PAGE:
Emerging Powers, Regional Hegemony and India

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New Delhi’s pursuit of regional hegemony continues to transform the country’s bilateral and many multilateral engagements. It has prompted two parallel processes with a united goal: becoming completely autonomous, benefiting from global networks and positioning itself as a regional power-breaker. Since its inception, India adopted a Non-Aligned Movement (NAM) to refrain from the influence of external actors and maintain an independent foreign policy. However, by the mid-2000s, the country recognized the importance of a multifaceted foreign policy having ingress with the different global power poles. This came as a thoroughly defined strategy to engage the US, EU, Australia, Japan and other prominent world actors to enable India to achieve its national interests while boosting its worldwide soft power.

New Delhi’s strategy to capitalize on relations with other countries was not confined to bilateral engagements. Instead, India used them to become part of many multilateral forums, the Quadrilateral Security Dialogue (QUAD); the G7 Meeting; Brazil, Russia, India, China and South Africa (BRICS); the Shanghai Cooperation Organization (SCO) and many others indicating an internationalist  agenda. These participations enabled India to manage its bittersweet relations with China by trying to revamp the balance of power structures.

When asked about the country’s inclination towards either the US or China at the GLOBESEC 2022, Indian Foreign Minister S. Jaishankar’s stated, “I don’t accept that India has to join either the US axis or China axis. I am one-fifth of the world’s population; I am today the fifth or sixth largest economy in the world, I mean, forget the history, civilization bit, everyone knows that I, think I am entitled to have my own side.” The theory of realism explains the statement in a very transparent manner. On the one hand, India portrays itself as the self-claimed “most reliable partner” for many countries. However, on the other hand, it continues to adopt an exclusive foreign policy to address the issue at hand. This enables New Delhi to safeguard its national interests and cover the laggings through foreign help.

India is shrewdly and silently moving on the grand chess board game, as being a QUAD member allows New Delhi to counter China’s growing influence. At the same time, being a part of SCO also confirms India’s economic partnership with China. Both countries have a two-way trade standing at $77.7 billion for 2020, and Beijing is also emerging as New Delhi’s largest trading partner. As a member of SCO, New Delhi has swiftly increased and strengthened its relations with the Central Asian Republics.

At a global level, due to a lack of preparedness, New Delhi is reluctant to accept a multipolar world order where Beijing becomes a leading authority in world affairs. For this, India has actively hedged against China by siding with the US and developing an array of agreements such as the Indo-US Defence Framework, the 123 Agreement, the Economic and Financial Partnership and dozens of sub-agreements underneath. However, the country also recognizes the importance of regional multipolarity and has attended to it with a calculated strategy. It has kept its ties alive with Moscow even after the Quad members pressed it to criticize Russia in the Ukraine War. Similarly, even with a large-scale confrontation with China, the Modi government managed the economic relations as a totally independent variable of the foreign policy approach.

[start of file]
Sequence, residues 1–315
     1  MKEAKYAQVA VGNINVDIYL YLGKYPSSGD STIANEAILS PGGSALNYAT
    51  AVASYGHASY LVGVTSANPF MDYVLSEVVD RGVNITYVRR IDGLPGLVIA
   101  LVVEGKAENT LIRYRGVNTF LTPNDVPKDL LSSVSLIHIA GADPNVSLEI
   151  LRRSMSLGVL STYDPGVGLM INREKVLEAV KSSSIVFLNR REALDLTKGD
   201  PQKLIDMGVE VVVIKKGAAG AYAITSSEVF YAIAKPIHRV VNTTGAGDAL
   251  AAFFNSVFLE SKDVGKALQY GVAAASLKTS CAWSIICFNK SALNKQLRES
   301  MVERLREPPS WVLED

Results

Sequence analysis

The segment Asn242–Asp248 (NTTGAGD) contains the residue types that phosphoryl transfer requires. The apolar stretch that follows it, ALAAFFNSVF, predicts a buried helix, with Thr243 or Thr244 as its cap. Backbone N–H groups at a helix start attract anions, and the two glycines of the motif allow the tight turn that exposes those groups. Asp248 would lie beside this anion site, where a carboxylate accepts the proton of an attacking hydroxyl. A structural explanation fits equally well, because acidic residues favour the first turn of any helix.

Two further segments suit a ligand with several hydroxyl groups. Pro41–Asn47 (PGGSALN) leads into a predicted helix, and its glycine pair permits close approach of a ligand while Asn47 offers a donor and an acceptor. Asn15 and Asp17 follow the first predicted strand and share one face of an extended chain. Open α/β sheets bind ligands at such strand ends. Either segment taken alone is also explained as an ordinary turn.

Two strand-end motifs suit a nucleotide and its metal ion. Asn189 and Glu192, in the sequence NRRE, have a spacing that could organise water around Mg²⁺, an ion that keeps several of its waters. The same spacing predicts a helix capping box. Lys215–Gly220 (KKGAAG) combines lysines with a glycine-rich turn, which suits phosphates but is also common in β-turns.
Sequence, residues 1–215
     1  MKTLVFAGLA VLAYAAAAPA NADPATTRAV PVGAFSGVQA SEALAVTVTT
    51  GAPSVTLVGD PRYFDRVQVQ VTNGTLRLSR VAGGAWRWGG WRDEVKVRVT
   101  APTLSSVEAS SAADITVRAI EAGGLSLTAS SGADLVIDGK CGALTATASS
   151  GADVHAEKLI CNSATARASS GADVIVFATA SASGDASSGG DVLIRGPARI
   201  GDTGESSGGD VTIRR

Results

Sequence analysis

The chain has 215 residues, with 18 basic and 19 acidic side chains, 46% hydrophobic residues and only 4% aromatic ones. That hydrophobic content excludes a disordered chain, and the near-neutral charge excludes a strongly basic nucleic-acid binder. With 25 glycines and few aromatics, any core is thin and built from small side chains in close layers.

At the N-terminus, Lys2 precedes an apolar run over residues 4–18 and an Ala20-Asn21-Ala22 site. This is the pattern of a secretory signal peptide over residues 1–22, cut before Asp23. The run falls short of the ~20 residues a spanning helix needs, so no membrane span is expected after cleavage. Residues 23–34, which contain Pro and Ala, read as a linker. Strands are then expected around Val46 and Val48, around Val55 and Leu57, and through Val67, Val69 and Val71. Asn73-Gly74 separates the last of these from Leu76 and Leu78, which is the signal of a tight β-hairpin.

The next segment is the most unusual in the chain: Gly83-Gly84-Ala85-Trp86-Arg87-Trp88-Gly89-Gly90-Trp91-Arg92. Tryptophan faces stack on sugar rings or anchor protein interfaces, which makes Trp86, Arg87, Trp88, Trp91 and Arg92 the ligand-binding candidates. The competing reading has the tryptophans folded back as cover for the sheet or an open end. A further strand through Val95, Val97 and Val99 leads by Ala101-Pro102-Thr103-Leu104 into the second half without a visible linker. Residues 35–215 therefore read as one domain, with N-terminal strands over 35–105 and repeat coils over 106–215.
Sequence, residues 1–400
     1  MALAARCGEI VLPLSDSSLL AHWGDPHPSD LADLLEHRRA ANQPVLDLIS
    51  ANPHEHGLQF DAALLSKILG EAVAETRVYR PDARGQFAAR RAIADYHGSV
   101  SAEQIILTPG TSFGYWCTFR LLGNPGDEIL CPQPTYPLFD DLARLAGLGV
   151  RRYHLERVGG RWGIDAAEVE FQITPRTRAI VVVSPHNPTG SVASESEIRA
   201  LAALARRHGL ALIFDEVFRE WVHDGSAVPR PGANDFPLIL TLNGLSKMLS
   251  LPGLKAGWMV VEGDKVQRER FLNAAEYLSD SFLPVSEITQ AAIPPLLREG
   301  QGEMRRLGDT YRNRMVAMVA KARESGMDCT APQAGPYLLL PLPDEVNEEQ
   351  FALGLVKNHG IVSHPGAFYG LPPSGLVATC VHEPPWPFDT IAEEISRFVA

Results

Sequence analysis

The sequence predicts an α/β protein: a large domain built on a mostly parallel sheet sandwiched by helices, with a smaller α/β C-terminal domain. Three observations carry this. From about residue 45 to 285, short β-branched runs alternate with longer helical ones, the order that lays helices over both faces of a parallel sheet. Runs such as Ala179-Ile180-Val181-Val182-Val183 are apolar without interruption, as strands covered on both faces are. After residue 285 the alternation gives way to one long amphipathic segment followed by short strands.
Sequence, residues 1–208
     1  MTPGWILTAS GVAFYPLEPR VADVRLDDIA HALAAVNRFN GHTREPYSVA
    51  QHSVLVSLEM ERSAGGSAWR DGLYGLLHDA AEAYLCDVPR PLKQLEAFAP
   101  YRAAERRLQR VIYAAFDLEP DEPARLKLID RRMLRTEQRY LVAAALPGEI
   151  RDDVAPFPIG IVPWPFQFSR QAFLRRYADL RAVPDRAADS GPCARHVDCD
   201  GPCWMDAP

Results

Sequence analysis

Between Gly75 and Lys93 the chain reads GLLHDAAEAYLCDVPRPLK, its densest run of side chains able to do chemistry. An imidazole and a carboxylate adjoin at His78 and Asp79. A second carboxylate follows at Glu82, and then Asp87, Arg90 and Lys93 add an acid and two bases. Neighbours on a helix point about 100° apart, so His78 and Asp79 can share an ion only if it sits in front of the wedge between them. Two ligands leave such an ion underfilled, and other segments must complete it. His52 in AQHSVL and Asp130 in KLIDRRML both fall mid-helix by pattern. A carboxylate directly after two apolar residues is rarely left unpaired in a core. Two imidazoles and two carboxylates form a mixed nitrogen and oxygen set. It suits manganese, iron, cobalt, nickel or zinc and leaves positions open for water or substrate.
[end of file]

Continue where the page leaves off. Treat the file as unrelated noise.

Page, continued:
With the end of the Cold War, the original distribution of power, specifically in the region of South Asia, was transformed. With the rise of China as one of the leading power poles, the former stakeholders (the US and Russia) were dislocated from South Asia – partially, if not entirely. This raised security concerns for India as one of its biggest supporters became passive. Fast forward to the present day, the global strategic realignments have reactivated power competition in many frozen zones affecting the geographical influence areas of India. Most of India’s partners are engaged in these areas, such as Russia, France, the US, Japan and others.

The ever-so burgeoning Pakistan – China relationship and their steadfastness in diplomatic, military and nuclear ties have discomforted India. The Pak-China partnership covers every aspect of foreign policy and its derivatives. Keeping all these concerns in mind, India has had its foreign policy designed in a way that focuses on neutral relations with extraordinary powers and economic development. The economic buttress acts as New Delhi’s spine and driver of growth for its  “strategic autonomy” approach, defined as ‘the ability of a state to pursue its national interests and adopt its preferred foreign policy without being constrained by other states, in any manner.

India has become a source of stable economic development, host to most of the top global tech firms and an emerging hub of military equipment having cordial relations with the great powers. While New Delhi continues to grow, it has managed to tarnish Islamabad’s image in front of the world by lobbying through fake organizations, conducting subversions and espionage activities in the country and keeping the LoC activated to put a burden on Pakistan’s economy. Parallel to this, India has become the favourite kid of the US, Russia, France, Israel, Japan and many others. Indian strategy of putting its self-interest above that of its so-called strategic allies has been successful: the country exploits them for its needs while keeping them at bay when they require something.

Co-authored by Reshail Muzammil

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